DR SHIP: Mrs
H is an 80-year-old woman with Medicare insurance who recently began feeling
tissue coming out of her vagina. She called to make an appointment to see
her longtime gynecologist.
She feels generally well and lives with her husband of more than 50
years. She has systolic hypertension and osteoporosis. Decades ago, Mrs H
had 4 vaginal deliveries of healthy, term infants. She has had regular Papanicolaou
smear screening, but her most recent smear showed atypical cells of undetermined
significance. It was her first abnormal smear. She denies vaginal bleeding
or urinary incontinence; she does experience some urinary urgency. Her bowels
are regular. She is sexually active, without dyspareunia or other problems.
A, Connective tissue support (bladder, uterine fundus removed). The
cervix is suspended by the uterosacral and cardinal ligaments. The pubocervical
fascia attaches to the anterior aspect of the vagina and laterally to the
arcus tendineus fascia pelvis. B, Pelvic diaphragm (muscular support). The
inset shows the anterior displacement of the rectum, vagina, and urethra toward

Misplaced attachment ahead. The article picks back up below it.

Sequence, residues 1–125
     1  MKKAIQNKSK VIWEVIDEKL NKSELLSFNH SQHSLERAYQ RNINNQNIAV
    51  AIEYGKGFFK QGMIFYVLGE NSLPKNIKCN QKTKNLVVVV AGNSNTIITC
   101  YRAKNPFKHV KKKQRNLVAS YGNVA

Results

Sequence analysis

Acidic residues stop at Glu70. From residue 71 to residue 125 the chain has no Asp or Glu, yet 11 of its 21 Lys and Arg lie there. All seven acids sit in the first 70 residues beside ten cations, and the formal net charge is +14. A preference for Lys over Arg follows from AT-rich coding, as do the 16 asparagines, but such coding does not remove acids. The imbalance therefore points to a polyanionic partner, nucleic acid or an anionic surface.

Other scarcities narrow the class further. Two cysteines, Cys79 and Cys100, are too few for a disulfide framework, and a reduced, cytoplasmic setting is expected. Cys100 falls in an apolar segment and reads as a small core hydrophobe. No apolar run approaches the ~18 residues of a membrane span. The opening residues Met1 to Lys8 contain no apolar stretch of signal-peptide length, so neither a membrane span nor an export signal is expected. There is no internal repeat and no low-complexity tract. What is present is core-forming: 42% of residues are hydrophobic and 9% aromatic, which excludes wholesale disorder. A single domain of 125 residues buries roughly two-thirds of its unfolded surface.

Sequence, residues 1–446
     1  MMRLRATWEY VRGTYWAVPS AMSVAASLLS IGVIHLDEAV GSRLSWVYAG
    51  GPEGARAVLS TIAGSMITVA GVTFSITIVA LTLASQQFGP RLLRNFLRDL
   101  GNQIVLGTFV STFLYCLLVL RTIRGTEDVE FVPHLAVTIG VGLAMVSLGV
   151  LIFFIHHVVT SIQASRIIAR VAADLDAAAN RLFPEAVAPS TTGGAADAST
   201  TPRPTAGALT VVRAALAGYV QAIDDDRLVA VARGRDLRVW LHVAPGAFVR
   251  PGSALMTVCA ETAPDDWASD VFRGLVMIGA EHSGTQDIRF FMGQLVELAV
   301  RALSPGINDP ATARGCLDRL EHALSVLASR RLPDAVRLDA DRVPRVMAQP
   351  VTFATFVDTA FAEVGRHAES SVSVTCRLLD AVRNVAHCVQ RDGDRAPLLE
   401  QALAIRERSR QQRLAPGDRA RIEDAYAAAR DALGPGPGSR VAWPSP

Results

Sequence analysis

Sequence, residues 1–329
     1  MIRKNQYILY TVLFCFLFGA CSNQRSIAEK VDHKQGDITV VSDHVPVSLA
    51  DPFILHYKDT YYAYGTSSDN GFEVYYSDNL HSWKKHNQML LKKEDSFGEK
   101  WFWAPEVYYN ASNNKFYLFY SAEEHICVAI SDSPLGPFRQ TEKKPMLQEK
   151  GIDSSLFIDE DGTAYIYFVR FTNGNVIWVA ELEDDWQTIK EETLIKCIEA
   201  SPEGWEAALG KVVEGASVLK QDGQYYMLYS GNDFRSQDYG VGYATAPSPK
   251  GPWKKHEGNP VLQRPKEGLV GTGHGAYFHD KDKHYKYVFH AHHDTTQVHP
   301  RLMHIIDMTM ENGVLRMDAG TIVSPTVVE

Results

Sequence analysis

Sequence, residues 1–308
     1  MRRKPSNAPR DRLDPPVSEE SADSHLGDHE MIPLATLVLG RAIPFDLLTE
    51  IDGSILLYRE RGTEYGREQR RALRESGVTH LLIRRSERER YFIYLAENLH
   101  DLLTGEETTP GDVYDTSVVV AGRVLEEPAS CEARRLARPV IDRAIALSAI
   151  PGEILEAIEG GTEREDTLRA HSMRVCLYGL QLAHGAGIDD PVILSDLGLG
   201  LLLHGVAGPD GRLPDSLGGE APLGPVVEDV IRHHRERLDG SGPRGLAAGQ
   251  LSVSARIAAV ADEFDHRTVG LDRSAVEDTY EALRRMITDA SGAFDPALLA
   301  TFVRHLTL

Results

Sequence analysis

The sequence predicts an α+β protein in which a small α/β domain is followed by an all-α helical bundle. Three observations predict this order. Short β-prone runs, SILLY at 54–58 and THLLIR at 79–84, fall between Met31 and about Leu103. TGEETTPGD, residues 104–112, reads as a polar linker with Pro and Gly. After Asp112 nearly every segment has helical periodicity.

the symphysis pubis due to the resting tone of the puborectalis and pubococcygeus
muscles. C, Sagittal view of pelvic contents showing the position of pelvic
organs, the superior and inferior attachments of the pubocervical and rectovaginal
fascia, and the relationship of the pelvic diaphragm to the connective tissue
A, Sagittal view of pelvis showing both anterior and posterior vaginal
wall prolapse but preserved uterine support. Tears or weakness in the pubocervical
and rectovaginal fascia permits herniation of pelvic organs against the vaginal
wall. B, Apical prolapse. Loss of apical support by the uterosacral and/or
cardinal ligaments results in prolapse of the uterus (left) or, posthysterectomy,
of the vaginal vault (right).
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